Northern England flooded. More than 150,000 displaced by flooding in South America. New York recording temperatures of more than 20 degrees Celsius on Christmas Eve. Countries like Malawi running out of food due to previous drought. Record heat in Australia. What a December we had. Records seem to be falling all the time.
But this is not unpredictable or a surprise. This is what it looks like to live in a world which we have warmed by about 1 degree Celsius. We need to recognise that we now live in the era of climate disruption. The stable climate in which human civilisation developed is over. Today’s children are the children of the era of climate disruption. Their normal will not be what we experienced as children.
We need to be honest about this. We cannot change the past but how we respond to this realisation is up to us. We can change the future. The climate disruption we are experiencing demands that we change how we live. We need to prepare and protect ourselves from the threats our disrupted climate poses but we also urgently need to stop making things worse. This will need social change on an almost unimaginable scale but this is our opportunity to make our lives so much better. It’s not like there aren’t many other problems with how we live now. The scale of change is such that if we do it right we can make everyone’s lives healthier and happier. We can make the places we live in nicer places to live in. We can improve how we get around. We can make the air we breathe clean. We can make our societies fairer. We can make it easier to connect and care about each other. We can make sure everyone has good food to eat. A zero carbon world could be an awesome place to live in if we do this right.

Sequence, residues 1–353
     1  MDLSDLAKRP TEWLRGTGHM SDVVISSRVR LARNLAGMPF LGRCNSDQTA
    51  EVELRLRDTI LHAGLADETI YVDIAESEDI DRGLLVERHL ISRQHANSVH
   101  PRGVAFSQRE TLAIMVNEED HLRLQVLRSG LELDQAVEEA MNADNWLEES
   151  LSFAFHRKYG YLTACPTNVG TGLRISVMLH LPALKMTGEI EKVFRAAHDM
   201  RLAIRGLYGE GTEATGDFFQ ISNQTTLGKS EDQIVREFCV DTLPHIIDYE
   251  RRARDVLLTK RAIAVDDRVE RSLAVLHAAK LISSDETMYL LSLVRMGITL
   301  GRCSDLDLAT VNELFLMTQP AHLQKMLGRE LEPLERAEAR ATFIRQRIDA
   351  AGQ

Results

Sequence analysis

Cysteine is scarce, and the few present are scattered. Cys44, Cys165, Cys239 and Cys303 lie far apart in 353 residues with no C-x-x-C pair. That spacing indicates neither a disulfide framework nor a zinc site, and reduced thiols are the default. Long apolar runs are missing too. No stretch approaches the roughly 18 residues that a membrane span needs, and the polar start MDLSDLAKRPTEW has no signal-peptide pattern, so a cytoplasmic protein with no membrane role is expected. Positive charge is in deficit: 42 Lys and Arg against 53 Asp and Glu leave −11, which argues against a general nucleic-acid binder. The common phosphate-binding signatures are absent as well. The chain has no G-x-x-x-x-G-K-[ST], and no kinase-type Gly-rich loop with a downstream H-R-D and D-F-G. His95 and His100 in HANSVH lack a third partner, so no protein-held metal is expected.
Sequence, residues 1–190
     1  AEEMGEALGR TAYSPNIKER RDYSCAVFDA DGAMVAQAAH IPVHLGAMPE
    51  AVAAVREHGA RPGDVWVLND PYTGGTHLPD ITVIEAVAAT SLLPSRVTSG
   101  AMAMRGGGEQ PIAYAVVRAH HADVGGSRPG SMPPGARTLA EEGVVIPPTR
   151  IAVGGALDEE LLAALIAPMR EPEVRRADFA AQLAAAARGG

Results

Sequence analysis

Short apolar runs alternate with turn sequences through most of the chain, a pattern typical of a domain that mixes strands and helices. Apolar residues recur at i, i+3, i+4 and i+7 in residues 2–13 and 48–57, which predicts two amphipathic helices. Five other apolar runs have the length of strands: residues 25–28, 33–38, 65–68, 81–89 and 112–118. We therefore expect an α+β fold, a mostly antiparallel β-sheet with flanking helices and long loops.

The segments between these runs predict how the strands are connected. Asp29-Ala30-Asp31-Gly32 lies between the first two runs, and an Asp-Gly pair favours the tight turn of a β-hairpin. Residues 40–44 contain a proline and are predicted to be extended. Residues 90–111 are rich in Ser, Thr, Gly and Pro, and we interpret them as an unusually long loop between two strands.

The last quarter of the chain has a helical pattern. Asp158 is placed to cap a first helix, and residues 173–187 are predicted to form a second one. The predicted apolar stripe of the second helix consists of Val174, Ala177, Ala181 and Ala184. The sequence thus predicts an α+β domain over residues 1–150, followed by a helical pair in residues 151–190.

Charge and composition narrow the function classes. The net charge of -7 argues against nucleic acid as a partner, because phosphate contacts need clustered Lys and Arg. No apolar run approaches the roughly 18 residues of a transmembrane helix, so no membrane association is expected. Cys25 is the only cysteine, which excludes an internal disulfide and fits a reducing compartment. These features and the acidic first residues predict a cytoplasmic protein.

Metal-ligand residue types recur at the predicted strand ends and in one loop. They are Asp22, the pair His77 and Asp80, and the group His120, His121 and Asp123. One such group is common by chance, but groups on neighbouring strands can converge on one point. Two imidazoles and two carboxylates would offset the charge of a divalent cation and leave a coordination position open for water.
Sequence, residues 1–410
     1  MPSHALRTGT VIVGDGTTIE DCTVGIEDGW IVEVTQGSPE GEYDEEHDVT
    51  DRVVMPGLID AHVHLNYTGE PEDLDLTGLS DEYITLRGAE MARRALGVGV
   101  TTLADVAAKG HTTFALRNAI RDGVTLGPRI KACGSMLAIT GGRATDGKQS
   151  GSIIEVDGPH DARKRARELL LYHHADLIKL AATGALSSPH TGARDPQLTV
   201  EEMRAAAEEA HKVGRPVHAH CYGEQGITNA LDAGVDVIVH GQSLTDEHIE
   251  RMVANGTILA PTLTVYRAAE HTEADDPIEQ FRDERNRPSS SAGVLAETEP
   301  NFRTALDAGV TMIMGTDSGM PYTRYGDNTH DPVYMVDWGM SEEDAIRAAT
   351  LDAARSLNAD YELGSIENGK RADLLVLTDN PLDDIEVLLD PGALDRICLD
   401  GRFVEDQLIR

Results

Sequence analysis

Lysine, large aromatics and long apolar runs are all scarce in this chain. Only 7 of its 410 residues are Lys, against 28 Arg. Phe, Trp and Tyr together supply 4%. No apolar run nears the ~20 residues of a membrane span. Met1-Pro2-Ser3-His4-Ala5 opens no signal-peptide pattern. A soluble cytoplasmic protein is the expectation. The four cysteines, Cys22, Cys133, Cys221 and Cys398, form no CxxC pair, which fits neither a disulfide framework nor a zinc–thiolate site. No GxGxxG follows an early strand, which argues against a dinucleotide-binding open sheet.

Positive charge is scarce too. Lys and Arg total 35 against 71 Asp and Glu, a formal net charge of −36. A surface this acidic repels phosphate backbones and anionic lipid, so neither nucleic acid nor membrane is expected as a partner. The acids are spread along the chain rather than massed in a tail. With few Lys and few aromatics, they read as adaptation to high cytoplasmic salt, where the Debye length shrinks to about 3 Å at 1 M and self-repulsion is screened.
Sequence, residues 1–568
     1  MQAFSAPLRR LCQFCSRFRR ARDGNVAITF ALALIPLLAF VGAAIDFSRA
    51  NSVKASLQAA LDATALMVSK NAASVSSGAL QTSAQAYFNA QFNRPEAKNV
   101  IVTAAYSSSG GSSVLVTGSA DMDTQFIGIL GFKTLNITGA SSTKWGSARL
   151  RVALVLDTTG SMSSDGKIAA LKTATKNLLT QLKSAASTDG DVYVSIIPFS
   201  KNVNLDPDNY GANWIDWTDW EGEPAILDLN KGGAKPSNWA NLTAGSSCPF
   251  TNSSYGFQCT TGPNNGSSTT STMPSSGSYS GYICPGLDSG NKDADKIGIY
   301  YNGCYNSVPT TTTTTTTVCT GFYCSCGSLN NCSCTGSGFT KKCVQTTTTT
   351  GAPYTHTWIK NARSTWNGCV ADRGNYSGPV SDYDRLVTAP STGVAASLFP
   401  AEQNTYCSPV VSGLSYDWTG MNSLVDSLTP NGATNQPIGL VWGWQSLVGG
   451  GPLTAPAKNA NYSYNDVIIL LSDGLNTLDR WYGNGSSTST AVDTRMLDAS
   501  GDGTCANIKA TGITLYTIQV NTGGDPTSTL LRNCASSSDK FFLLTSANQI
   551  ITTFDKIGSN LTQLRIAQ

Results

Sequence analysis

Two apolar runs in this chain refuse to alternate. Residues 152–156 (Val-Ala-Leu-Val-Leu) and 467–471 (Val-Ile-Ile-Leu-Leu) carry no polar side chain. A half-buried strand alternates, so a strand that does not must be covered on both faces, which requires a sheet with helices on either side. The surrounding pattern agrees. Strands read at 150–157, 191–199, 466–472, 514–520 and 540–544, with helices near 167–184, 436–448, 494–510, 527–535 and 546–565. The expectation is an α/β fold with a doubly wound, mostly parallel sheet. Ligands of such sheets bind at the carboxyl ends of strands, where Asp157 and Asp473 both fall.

But to do this we have to get on with things. We need to accept that we will be leading lives of change. We need to learn how to change and help those around us do the same. We need to recognise where our institutions are acting as barriers to this change and change them so they don’t slow things down.
Without realising it I grew up in a time of climate change. My children are growing up in a time of climate disruption. It’s up to us to ensure our grandchildren don’t have to live in a time of climate chaos.
I would value your thoughts on whether this framing of climate change as a term for the past, climate disruption as a term for the present, and climate chaos as a term for an undesired future is useful.